It is interesting, isn’t it, that when it comes to the evidences, there are all different packages that different people lay upon us. Jesus does not do that. Many wise pastors have insisted that the basis for knowing that I am a Christian is not what I do but what God’s Word says about what Christ has done and continues to do for those who have believed (John 1:12;
1 John 5:13). I know I belong to Christ because I have believed in Jesus Christ as my only Savior and Redeemer from eternal destruction. It’s not the evidences of my life that are my basis for knowing that. It’s the Word of God. God said it. That settles it. I am fearful of those today, who because of a genuine, valid concern about the lack of growth and the lack of evident Christian lifestyle, are willing to try to prop up the Gospel by adding to it. Zane Hodges has a book entitled The Gospel Under Siege which is particularly important to read. I would agree with him in saying that much of what is happening today in this attempt to correct and change a believer’s lifestyle isn’t paving the road back to Wittenberg, but it’s paving the road back to Rome. We’re coming back to a justification by works that is not a great deal different from that which Martin Luther was delivered from in his church situation.
III. Moving from the Nursery to the Infantry
Having said that, am I less concerned than some others about the failure of believers to move on to maturity in Christ? No, I am not unconcerned about that. I am desperately concerned about it, for I believe that America probably has the largest spiritual nursery that it has ever had in its history, and that can be a real drain on the resources. We desperately need to move people out of the nursery and into the infantry.
Those of you who have had or now have infants know that infants are not productive. They are only a drain on the resources. They constantly are demanding, demanding, demanding of your time, energy, and resources, and they give nothing in return. They are not productive. But all of us hope that somewhere along the line those cute little babies will grow up and be productive. God has the same desire. He wants His children, who cause rejoicing in heaven when they come to Him, to really grow up and become productive. He gives us the example of the soldier, the athlete, and the farmer (in 2 Tim 2:3-6), and many other illustrations of productivity. God is desirous that we move on to maturity. That we grow up. Most of the content of Scripture is committed to this. The “let us go on to maturity” of Hebrews is the thrust of the Bible. But, never would God compromise the Gospel of Grace by seeking to urge you to move on by making you doubt, through the evidences of your life, whether you’re really a Christian. God doesn’t use double talk. Grace is grace (see Rom 4:4; 11:6).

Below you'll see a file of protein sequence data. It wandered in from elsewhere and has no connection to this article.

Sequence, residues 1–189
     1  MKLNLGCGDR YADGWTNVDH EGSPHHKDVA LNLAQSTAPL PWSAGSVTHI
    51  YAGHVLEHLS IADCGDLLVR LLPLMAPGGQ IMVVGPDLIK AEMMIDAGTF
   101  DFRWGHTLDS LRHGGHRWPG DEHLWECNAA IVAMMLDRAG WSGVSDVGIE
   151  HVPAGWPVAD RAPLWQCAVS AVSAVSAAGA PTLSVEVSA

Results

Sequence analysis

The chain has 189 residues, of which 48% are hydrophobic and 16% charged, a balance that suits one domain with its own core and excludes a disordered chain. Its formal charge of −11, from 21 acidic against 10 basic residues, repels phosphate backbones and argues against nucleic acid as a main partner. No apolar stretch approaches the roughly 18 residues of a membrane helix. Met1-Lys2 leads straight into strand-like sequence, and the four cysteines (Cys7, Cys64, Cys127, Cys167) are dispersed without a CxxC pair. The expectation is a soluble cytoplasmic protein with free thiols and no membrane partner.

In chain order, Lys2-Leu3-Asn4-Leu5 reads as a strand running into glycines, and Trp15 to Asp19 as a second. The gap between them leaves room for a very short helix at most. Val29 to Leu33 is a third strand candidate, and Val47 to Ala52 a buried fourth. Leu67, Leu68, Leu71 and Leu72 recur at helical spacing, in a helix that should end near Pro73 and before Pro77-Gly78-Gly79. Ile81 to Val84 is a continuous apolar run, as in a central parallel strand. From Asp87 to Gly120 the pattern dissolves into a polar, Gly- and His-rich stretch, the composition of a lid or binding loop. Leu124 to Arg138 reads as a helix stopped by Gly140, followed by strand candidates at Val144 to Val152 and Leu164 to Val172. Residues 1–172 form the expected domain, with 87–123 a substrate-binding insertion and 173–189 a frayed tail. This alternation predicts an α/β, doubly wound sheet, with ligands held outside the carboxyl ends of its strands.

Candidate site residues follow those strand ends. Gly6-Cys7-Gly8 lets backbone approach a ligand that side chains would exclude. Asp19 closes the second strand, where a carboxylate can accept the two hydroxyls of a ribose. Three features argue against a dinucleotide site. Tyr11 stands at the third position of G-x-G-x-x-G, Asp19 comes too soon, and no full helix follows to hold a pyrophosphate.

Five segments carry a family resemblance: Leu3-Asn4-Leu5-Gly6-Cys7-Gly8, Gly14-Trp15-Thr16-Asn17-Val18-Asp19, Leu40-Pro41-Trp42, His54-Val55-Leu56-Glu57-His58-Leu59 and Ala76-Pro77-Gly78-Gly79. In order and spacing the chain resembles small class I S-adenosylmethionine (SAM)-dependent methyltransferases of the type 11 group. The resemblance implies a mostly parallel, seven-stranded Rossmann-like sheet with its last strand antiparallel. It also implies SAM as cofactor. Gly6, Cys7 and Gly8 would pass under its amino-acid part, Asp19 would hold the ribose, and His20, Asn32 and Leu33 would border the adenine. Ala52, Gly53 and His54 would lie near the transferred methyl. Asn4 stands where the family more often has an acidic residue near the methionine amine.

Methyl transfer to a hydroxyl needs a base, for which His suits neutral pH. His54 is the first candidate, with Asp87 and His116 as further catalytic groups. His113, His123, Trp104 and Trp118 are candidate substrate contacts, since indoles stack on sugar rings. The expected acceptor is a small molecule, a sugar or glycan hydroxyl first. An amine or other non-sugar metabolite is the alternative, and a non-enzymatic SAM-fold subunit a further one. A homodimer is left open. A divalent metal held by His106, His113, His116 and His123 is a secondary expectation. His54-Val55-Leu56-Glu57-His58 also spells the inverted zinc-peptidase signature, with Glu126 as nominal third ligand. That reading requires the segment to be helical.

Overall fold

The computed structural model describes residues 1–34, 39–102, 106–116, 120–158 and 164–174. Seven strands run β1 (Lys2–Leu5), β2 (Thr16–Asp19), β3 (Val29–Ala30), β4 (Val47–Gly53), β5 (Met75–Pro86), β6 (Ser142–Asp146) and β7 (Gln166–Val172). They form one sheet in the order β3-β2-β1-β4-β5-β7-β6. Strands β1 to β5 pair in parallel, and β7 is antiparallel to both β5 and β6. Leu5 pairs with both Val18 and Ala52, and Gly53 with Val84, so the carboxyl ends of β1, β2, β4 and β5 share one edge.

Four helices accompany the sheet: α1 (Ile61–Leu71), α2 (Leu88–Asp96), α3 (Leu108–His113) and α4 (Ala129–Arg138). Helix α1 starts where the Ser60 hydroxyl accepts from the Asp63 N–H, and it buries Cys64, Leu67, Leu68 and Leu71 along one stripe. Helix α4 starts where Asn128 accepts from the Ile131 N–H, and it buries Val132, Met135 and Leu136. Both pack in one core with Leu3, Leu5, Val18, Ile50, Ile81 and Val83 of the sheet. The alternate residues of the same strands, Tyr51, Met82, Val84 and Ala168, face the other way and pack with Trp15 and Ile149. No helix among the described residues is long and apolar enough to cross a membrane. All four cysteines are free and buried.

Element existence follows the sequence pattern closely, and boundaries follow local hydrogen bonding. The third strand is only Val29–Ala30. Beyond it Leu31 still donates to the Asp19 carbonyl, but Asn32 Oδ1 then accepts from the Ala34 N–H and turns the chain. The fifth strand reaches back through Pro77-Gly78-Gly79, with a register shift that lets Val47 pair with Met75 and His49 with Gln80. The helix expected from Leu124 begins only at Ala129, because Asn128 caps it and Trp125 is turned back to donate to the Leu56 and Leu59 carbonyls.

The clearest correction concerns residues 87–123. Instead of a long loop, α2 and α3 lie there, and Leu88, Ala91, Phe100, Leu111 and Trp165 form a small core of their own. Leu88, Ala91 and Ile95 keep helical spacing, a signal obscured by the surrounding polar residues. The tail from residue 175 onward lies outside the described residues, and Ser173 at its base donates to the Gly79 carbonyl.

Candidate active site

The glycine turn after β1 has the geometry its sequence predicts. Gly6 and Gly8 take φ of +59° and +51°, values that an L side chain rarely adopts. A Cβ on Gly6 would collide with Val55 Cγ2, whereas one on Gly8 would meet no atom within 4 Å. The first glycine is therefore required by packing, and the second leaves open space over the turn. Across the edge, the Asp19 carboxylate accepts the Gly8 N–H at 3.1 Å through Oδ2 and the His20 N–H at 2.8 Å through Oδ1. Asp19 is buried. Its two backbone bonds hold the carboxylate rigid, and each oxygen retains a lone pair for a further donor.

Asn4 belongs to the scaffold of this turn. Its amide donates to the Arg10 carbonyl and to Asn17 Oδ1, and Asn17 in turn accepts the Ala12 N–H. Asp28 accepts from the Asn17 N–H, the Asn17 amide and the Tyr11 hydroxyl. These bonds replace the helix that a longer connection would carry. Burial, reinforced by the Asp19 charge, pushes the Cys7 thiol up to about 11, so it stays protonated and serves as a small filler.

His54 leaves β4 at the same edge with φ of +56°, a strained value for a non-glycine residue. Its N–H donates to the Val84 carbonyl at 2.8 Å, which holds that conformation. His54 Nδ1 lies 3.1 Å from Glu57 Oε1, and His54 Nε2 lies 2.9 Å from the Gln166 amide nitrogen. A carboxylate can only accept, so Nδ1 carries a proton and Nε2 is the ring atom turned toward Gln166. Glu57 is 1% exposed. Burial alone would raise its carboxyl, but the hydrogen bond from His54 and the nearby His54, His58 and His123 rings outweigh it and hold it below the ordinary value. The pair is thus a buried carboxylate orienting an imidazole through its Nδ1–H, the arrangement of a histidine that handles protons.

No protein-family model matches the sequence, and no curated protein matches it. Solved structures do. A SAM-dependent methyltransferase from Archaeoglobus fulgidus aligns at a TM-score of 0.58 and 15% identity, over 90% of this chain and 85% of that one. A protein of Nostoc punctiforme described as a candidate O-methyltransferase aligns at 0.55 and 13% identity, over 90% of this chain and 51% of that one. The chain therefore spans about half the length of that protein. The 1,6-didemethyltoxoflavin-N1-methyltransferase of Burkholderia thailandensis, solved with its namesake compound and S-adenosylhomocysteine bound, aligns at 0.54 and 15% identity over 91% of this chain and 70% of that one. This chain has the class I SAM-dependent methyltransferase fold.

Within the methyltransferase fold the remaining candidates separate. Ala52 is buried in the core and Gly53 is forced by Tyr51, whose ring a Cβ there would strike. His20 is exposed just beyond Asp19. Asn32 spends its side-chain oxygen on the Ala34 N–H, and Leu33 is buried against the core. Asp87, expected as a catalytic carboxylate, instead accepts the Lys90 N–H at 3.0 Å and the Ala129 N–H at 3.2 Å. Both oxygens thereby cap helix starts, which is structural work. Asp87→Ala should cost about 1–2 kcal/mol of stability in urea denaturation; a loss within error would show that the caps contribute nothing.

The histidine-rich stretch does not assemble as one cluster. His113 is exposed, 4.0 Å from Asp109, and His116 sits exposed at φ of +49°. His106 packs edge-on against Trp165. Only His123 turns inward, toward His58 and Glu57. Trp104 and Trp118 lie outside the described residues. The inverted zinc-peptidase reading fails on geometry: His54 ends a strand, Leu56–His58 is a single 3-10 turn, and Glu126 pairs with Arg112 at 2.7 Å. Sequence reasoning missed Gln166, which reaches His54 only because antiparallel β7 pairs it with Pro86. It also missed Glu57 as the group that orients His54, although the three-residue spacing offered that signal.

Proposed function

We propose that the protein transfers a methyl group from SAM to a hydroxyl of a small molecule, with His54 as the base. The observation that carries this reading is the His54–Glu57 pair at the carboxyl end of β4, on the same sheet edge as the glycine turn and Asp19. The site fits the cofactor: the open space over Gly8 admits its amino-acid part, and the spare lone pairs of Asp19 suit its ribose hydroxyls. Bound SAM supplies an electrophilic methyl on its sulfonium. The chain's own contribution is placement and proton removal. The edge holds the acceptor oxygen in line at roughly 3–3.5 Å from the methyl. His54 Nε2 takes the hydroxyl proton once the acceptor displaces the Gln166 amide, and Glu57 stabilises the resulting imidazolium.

Dietrich Bonhoeffer, a heroic German minister during the Nazi era, reacted to the failure of many professing Christians to stand strong under persecution. He coined the term “cheap grace” to characterize their profession. Today others have picked up on that and have been willing to charge others with espousing a cheap grace. I like better what Charles Stanley says in response to that. When some have said “cheap grace,” he says, “Oh, better than that. It’s free. Not cheap, it’s free.” Don’t compromise that. God justifies freely—without cost (Rom 3:24). There is some cleaning up we need to do today in our teaching with regard to that. It starts with the way we deal with children right up through adults. We constantly want to help God out. We constantly want to add to. So, to little children we say, “Give your heart to Jesus.” That is totally contrary to the word of God. Never does God ever tell an unregenerate person to give Him anything. He doesn’t have anything worth giving to God. God says, “I want to give you something.” And he says, “Believe it.” But we have a hard time believing that because everybody else we ever run into insists that we give them something in return. God says, “I want to give you something. Will you believe it and receive it without trying to add to it?” By the way, believing is surely not unique. We do it every day of our lives. What is unique about this believing is the object of it.